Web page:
FIGS. 16, 17 show process steps involved in the production of a layer system,

FIG. 18 shows a gas turbine,

FIG. 19 shows a combustion chamber, and

FIG. 23 shows a turbine blade or vane.

DETAILED DESCRIPTION OF THE INVENTION

FIG. 1 shows a layer system 1′ in accordance with the prior art. The layer system 1′ has a substrate 4. At least an outer layer 9 is present on the substrate surface 5 of the substrate 4. This outer layer 9 may be a metallic and/or ceramic outer layer 9.

In accordance with the prior art, the outer layer 9 is attached to the substrate 4 solely by mechanical interlock (surface roughness) on the underlying surface and a subsequent diffusion heat treatment.

Working on the basis of FIG. 1, FIG. 2 shows a layer system 1 with continuous anchoring means 10 or inner anchoring means 13.

The substrate 4 may be metallic or ceramic and in the case of gas turbine components is produced in particular from an iron-base, nickel-base or cobalt-based superalloy.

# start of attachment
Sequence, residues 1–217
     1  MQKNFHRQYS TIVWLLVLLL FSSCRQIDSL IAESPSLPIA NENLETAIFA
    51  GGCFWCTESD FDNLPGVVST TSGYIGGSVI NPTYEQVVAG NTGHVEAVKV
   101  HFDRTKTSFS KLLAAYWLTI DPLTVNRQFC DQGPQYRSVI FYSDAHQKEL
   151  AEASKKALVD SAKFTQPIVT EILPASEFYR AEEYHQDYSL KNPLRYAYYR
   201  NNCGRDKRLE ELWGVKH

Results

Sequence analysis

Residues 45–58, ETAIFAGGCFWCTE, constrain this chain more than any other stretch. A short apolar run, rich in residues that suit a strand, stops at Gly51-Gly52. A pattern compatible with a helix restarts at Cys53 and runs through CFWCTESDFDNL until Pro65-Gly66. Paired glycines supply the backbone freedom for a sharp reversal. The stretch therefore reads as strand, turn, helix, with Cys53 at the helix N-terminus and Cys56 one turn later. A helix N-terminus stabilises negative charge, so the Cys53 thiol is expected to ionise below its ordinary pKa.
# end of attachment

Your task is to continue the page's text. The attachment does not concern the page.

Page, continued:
For turbine blades or vanes 120, 130 (FIG. 18), for example, a metallic corrosion-resistant layer 9 (FIGS. 4, 5) of the MCrAlX type is applied to the substrate 4, and then, for example, an outer layer, for example a ceramic thermal barrier coating 9 (FIGS. 6, 7, 8), is additionally applied to the corrosion-resistant layer 9, so that the corrosion-resistant layer then becomes an interlayer 7.

In the outer layer 9, there is at least one continuous anchoring means 10 and/or at least one inner anchoring means 13, a certain part 14 of which, for example, extends into the substrate 4.

The part 14, i.e. the extent of the continuous anchoring means 10 or of the inner anchoring means 13 into the substrate 4, constitutes the smaller part, based on the length or volume of the continuous anchoring means 10 or of the inner anchoring means 13, so that the majority of the length or volume of the continuous anchoring means 10 or of the inner anchoring means 13 is located in the outer layer 9.